We followed up all patients every three months after surgery until December 31, 2010. Serum α-fetoprotein levels were evaluated and three phase dynamic computed tomography scans were performed. When tumor recurrence was suspected, precise diagnostic imaging was performed using magnetic resonance imaging. DFS was defined from the date of resection until the detection of both intrahepatic and extrahepatic recurrence. We chose HCC-related mortality (disease-specific death) as the clinical endpoint for survival analysis, defined as: 1) tumor occupying more than 80% of the liver, 2) portal venous tumor thrombus (PVTT) proximal to the second bifurcation, 3) obstructive jaundice due to the tumor, 4) distant metastases, or 5) variceal hemorrhage with PVTT proximal to the first bifurcation.15 The median follow-up period was 75.6 months (range, 1.7 to 126.9 months). Tumor recurrence was detected in 185 patients (65.8%), and 99 (35.2%) died of HCC. Thirty of the 129 deaths in this study were due to non-HCC causes.
Tissues with dysplastic nodule (DN), a precancerous lesion of HCC (n=28) were included, and DNs were subdivided into low-grade DN and high-grade DN according to the International Working Party guideline.16

Preparation of tissue microarrays and immunohistochemistry

All histologic sections were examined by two pathologists (CK.P. and S.A.) and representative tumor areas free from necrosis or hemorrhage were pre-marked in formalin-fixed paraffin-embedded blocks. Two 2.0-mm-diameter tissue cores were obtained from donor blocks and arranged in recipient paraffin blocks. Two cores of normal liver tissue from 12 patients with metastatic colonic carcinoma of the liver were included in each array block. Each tissue array block contained up to 60 tissue cores.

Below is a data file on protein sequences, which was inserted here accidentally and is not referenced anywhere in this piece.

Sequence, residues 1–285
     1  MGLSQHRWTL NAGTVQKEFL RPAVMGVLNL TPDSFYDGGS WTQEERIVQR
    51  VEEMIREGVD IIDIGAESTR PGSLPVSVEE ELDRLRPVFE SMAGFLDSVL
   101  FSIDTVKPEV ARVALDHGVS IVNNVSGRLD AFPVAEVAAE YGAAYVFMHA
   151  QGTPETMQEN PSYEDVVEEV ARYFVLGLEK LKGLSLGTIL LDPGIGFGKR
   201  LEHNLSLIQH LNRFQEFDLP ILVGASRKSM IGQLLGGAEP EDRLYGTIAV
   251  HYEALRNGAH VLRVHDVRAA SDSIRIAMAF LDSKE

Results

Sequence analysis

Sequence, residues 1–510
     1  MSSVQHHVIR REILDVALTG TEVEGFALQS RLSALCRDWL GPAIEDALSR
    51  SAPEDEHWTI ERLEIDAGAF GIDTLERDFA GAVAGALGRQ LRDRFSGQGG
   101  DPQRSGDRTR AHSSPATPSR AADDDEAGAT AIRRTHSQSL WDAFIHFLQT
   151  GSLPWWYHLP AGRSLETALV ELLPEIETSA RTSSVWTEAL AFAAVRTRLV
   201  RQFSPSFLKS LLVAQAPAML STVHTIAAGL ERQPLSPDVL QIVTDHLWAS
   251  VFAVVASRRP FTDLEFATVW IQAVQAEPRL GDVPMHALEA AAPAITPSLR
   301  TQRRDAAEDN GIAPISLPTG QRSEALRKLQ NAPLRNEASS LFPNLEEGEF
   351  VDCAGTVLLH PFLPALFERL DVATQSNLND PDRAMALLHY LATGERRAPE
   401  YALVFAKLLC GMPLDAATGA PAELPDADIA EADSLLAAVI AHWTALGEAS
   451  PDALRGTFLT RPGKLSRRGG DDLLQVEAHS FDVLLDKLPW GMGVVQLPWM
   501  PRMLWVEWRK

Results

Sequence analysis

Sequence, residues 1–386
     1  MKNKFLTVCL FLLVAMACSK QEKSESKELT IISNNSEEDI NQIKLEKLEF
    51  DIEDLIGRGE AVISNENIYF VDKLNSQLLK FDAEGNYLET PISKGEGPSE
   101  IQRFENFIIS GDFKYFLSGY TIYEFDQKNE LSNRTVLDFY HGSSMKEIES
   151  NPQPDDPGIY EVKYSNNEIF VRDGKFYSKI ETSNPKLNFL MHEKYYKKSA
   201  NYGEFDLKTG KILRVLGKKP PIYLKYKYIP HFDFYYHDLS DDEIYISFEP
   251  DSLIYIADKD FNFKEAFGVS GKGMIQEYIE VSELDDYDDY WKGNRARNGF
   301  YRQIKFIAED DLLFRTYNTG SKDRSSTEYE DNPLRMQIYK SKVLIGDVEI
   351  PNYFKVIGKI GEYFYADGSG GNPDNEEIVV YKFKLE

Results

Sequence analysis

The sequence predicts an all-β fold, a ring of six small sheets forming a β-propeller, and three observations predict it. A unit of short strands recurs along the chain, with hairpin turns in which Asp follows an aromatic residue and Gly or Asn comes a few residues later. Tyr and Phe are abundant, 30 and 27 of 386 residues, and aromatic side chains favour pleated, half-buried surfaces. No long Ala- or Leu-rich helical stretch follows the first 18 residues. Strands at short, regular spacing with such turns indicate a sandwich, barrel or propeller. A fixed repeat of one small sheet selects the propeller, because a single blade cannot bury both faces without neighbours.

Horseradish peroxidase staining was used to visualize antigens on consecutive 4-µm thick sections. Sections were deparaffinized, hydrated, and immersed in peroxidase-blocking solution (Dako, Glostrup, Denmark) to inhibit endogenous peroxidase. For antigen retrieval, microwave pretreatment was performed with a 0.01 mol/L citrate buffer (pH 6.0) for 30 minutes. Sections were incubated overnight at 4℃ with mouse monoclonal antibody to CHD1L (1:50, ab51324, Abcam Inc., Cambridge, MA, USA). Sections were then incubated in Dako-REAL EnVision/HRP rabbit/mouse detection reagent (Dako) for 20 minutes at room temperature. Staining was visualized using the diaminobenzidine color substrate. The slides were counterstained with Mayer's hematoxylin. The positive control (human normal kidney) showed intense nuclear CHD1L expression in epithelial cells of convoluted tubules while no immnoreactivity was observed in tissue sections used as negative controls where the primary antibody was replaced by an isotype-matched irrelevant antibody. To validate the concordance between tissue microarrays and whole tumor sections, we used immunohistochemistry to detect the expression of CHD1L in 40 corresponding whole tumor sections randomly chosen from the 281 cases.

Evaluation of immunohistochemical staining

To assess the positivity of immunostaining, only nuclear staining was regarded as positive. We used a scoring method based on intensity and proportion of stained cells following a previous report.17 The percentage of positive tumor cells was determined semi-quantitatively and each sample was scored on a scale of 0-4 (0, <1%; 1, 1-25%; 2, 26-50%; 3, 51-75%; 4, 76-100%). Staining intensity was determined as 0 (negative), 1 (weak), 2 (moderate), and 3 (strong). The immunoreactive score of each tumor was calculated by the sum of these two parameters. The total score was graded as negative (total score; 0-1) or positive (total score; 2-7). All stained sections were assessed by two independent pathologists (CK.P. and J.H.) without knowledge of clinicopathologic features, and any differences in interpretation were resolved by consensus. Duplicate tissue cores for each tumor showed high levels of homogeneity for both intensity and proportion of stained cells. In cases of differences between duplicate tissue cores, the higher score was taken as the total score.

Statistical analysis

Statistical analyses were performed using SPSS software (SPSS Inc., Chicago, IL, USA). Chi-square and Fisher's exact tests were used for comparisons of categorical variables. Kaplan-Meier plots and log-rank tests were used for survival analysis. Univariate and multivariate analyses were based on the Cox proportional hazards regression model. p-values less than 0.05 were regarded as statistically significant.

RESULTS

CHD1L protein expression in HCC